An Army two-star general working for the Joint Staff was quietly removed in early January due to a law enforcement investigation that resulted in three assault charges, all of which were dismissed this month.

Maj. Gen. Joseph E. Whitlock was accused of domestic abuse and conduct unbecoming an officer, an attorney for the general confirmed. Whitlock was investigated by Army CID regarding multiple incidents, all of which he denied.

Maj. Gen. Omar J. Jones, commander of the Army Military District of Washington, D.C., directed an Article 32 hearing based on the investigation’s findings, according to Army spokeswoman Cynthia O. Smith.

“Based on the preliminary hearing officer’s findings and recommendations, the charges have been dismissed without prejudice," Smith said in a statement. “This matter is still ongoing, however, and we cannot comment any further."

Whitlock, through his attorney, Jonathan Crisp, denied the allegations and Army CID’s findings. Crisp characterized the investigation as a “witch hunt" stemming from political pressure through the years to aggressively pursue domestic abuse accusations in the military.

“Army CID, whose investigative prowess in my opinion has been seriously compromised based on congressional inquiries, made huge leaps of logic in their findings," Crisp told Army Times in a telephone interview.

Whitlock was previously assigned as the deputy director of global policy and partnerships for the Office of the Joint Chiefs of Staff.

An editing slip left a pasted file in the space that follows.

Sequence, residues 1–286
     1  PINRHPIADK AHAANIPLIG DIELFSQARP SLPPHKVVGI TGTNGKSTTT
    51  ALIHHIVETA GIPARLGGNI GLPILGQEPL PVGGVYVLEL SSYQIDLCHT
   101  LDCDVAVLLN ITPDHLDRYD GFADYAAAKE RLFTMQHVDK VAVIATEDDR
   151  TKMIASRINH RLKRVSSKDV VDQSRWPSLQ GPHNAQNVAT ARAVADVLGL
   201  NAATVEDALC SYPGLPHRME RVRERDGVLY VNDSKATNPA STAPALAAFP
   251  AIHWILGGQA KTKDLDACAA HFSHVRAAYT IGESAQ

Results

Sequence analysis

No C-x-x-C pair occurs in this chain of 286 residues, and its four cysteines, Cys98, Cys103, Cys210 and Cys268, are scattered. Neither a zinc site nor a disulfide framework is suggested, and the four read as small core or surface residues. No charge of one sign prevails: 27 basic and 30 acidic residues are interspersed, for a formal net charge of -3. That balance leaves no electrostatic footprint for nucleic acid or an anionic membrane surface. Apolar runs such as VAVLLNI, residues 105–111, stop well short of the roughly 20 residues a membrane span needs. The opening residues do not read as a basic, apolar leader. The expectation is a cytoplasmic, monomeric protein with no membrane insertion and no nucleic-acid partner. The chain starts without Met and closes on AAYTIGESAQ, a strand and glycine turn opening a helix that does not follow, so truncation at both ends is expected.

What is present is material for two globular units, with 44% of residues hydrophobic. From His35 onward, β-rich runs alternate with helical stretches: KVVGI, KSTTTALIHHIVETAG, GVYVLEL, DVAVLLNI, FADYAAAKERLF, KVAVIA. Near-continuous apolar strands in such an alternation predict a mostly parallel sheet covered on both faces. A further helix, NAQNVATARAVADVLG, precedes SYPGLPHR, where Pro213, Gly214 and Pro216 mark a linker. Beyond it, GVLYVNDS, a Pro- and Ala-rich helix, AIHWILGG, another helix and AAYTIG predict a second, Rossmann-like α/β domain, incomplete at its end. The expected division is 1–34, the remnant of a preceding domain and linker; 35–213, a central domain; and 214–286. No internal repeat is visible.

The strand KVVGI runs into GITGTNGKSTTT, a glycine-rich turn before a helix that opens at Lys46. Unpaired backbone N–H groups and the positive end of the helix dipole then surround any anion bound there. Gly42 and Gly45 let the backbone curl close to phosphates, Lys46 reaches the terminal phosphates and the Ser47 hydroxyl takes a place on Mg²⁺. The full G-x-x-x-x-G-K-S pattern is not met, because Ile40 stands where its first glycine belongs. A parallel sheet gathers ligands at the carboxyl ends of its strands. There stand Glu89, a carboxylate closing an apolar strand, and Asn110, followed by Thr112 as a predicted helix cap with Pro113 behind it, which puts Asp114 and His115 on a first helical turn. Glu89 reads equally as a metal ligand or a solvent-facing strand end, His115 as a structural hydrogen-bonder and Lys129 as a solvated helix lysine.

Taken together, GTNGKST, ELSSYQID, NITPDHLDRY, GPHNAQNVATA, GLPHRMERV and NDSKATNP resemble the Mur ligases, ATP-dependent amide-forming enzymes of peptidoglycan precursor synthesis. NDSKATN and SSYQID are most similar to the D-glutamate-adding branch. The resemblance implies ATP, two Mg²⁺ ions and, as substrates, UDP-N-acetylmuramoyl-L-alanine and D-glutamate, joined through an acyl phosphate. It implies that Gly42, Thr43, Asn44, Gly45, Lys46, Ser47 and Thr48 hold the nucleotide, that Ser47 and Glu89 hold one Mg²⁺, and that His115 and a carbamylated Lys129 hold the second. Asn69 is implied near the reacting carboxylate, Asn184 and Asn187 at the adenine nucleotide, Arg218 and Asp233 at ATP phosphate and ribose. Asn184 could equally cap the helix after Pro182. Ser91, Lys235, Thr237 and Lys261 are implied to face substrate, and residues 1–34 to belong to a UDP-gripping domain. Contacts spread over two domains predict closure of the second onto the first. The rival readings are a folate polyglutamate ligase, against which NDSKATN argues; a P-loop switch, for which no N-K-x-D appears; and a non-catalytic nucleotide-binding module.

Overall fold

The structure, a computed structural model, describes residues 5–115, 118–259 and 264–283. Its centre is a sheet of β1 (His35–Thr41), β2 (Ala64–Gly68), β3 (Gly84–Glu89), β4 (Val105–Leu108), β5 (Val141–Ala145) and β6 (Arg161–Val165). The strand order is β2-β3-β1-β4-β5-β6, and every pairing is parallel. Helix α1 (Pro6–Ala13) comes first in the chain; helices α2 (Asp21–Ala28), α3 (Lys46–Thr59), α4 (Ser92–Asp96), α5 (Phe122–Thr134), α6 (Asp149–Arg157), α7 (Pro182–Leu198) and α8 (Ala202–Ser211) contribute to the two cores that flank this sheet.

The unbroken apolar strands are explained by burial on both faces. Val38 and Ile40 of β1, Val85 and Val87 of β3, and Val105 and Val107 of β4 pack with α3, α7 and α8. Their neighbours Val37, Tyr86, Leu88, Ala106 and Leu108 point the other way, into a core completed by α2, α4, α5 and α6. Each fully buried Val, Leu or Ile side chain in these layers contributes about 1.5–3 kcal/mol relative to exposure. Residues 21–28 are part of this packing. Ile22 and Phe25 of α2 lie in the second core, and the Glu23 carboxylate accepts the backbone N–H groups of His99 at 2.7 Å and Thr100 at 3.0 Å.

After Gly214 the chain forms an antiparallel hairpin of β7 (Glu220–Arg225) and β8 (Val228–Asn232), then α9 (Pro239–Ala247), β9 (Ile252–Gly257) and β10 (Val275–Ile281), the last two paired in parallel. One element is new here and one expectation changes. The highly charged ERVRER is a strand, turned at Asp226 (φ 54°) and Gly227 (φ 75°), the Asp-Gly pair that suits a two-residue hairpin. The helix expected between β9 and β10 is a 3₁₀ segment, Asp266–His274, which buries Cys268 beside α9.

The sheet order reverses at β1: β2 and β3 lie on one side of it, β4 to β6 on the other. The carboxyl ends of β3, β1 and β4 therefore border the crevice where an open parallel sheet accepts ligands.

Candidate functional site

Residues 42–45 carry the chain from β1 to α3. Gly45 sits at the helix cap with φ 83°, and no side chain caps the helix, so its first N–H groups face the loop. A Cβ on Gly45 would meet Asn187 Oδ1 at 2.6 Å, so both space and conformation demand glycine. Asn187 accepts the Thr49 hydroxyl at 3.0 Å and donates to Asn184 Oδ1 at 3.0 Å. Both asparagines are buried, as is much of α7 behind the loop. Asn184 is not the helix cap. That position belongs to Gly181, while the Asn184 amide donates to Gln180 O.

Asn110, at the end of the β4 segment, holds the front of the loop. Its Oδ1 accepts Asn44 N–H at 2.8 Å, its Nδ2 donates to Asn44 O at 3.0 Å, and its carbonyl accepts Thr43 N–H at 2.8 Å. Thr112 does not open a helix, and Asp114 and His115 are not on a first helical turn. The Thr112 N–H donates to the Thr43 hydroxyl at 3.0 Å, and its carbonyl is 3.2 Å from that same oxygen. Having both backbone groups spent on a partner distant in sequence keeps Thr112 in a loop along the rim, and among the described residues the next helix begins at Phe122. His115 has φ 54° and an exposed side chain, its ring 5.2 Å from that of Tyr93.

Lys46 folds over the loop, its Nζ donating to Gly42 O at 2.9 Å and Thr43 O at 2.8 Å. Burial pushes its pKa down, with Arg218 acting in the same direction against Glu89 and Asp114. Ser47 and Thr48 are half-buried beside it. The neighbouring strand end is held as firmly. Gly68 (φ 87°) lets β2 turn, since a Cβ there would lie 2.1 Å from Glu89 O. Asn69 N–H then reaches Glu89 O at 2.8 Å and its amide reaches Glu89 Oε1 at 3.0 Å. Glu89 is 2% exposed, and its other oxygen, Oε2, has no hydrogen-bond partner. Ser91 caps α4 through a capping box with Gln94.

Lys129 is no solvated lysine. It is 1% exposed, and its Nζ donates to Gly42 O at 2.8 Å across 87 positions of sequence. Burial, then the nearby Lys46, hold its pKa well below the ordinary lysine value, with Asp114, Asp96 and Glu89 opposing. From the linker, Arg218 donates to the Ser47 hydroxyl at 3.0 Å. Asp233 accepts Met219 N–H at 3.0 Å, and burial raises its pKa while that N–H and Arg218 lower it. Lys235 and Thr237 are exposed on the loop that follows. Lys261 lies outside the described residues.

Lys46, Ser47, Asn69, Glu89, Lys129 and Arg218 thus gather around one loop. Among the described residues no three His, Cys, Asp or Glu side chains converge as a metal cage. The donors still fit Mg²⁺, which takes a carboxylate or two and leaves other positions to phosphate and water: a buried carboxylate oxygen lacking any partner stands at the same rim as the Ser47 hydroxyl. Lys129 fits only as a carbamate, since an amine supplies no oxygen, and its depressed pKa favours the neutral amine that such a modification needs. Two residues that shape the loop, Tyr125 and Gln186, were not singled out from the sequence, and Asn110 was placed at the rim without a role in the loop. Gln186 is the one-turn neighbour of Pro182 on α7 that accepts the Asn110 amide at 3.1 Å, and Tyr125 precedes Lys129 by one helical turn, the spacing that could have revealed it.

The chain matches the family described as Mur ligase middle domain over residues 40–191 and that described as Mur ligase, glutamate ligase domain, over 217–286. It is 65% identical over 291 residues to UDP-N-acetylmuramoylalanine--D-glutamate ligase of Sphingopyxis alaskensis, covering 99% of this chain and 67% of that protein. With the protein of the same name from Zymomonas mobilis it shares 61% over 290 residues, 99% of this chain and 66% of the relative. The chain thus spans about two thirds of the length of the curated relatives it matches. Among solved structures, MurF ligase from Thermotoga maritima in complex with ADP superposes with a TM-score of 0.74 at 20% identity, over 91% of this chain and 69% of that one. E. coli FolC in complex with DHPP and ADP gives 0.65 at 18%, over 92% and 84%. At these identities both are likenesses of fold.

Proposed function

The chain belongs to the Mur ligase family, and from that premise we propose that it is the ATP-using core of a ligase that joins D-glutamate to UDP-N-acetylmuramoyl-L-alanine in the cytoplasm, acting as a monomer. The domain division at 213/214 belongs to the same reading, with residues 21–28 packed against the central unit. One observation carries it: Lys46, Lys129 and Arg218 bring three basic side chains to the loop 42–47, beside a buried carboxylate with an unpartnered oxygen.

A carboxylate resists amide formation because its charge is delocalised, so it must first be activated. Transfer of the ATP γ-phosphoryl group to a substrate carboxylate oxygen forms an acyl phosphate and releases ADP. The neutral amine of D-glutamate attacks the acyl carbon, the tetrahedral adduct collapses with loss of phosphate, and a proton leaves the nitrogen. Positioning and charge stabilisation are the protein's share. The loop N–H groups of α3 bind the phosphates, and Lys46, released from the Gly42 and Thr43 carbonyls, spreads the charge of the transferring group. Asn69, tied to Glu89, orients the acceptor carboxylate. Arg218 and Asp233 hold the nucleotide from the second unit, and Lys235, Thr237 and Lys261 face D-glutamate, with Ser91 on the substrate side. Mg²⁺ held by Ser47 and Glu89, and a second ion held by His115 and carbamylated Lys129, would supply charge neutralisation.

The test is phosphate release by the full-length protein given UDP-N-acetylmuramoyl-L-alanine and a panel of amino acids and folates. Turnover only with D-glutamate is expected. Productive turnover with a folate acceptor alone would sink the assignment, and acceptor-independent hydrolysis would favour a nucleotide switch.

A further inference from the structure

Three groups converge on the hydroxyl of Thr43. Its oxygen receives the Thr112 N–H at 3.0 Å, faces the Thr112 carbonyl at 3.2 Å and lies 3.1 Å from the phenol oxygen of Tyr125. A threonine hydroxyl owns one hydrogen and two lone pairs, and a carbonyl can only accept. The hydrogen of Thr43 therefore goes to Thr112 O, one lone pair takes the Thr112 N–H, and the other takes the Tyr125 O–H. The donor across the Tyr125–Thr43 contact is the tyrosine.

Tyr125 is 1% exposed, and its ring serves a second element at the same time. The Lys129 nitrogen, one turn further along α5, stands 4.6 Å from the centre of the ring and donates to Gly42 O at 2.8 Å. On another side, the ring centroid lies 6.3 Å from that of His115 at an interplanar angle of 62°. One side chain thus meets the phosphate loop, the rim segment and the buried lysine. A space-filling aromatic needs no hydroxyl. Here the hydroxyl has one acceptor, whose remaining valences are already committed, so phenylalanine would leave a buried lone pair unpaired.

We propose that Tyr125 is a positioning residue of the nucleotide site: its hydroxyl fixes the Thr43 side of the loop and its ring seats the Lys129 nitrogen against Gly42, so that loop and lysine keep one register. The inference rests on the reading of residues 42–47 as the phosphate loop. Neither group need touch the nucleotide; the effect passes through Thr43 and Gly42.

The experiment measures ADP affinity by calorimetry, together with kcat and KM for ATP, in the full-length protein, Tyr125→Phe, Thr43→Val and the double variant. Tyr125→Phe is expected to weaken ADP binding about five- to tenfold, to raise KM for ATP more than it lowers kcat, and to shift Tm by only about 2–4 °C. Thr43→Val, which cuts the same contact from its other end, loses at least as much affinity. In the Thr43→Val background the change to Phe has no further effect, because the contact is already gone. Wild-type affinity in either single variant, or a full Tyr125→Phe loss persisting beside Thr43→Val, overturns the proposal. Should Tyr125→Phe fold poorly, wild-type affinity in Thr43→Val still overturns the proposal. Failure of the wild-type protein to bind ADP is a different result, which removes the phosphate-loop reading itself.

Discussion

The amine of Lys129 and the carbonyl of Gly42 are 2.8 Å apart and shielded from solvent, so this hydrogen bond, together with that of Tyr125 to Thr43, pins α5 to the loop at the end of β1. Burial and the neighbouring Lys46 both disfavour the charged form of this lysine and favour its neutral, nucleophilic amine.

Army CID’s investigation was triggered by accusations that Whitlock pushed his girlfriend, breaking her arm. That specific accusation never resulted in formal charges, according to Crisp, but it did result in an investigation by Army CID that brought forth assault accusations from an ex-wife.

The girlfriend "did have a broken arm, but he was not present when that break occurred,” said Crisp, who stressed that that specific incident never made it to formal charges.

Crisp said investigators attempted to use older allegations of domestic assault from Whitlock’s ex-wife to justify bringing forth the allegations from the broken arm incident. The ex-wife declined to comment. Army Times is withholding her name because of allegations of domestic abuse. The girlfriend’s name is not known to Army Times.

The older allegations happened in Stafford County, Virginia. A county official there could not provide police reports from those incidents, citing state code that exempts the disclosure of the reports unless there is an arrest.

The older assault allegations against Whitlock involved poking his ex-wife in the shoulder, grabbing her wrist and throwing a tea cup against the wall, according to Whitlock’s attorney.

Administrative action could still be under consideration by the Army, despite the charges being dismissed. But that will be up to the service’s vice chief of staff.

“They haven’t indicated to us that that is actually forthcoming,” said Crisp. “They simply referred it over to the [vice chief of staff of the Army] who controls any administration action against general officers.”

Crisp said his client has had a career spanning several decades and plans to retire in the near future at his current rank. Whitlock’s current assignment was not released by Army officials. An Army CID spokesman referred Army Times to the FOIA request process for details regarding the investigation’s findings.

As a one-star general, Whitlock previously served as as a deputy director for politico-military affairs on the Joint Staff in D.C. Before that, he held staff positions under U.S. Northern Command until 2014 and U.S. Pacific Command until 2015. He is a graduate of the U.S. Military Academy at West Point, New York, and the Naval Postgraduate School in Monterey, California.

Kyle Rempfer is an editor and reporter who has covered combat operations, criminal cases, foreign military assistance and training accidents. Before entering journalism, Kyle served in U.S. Air Force Special Tactics and deployed in 2014 to Paktika Province, Afghanistan, and Baghdad, Iraq.

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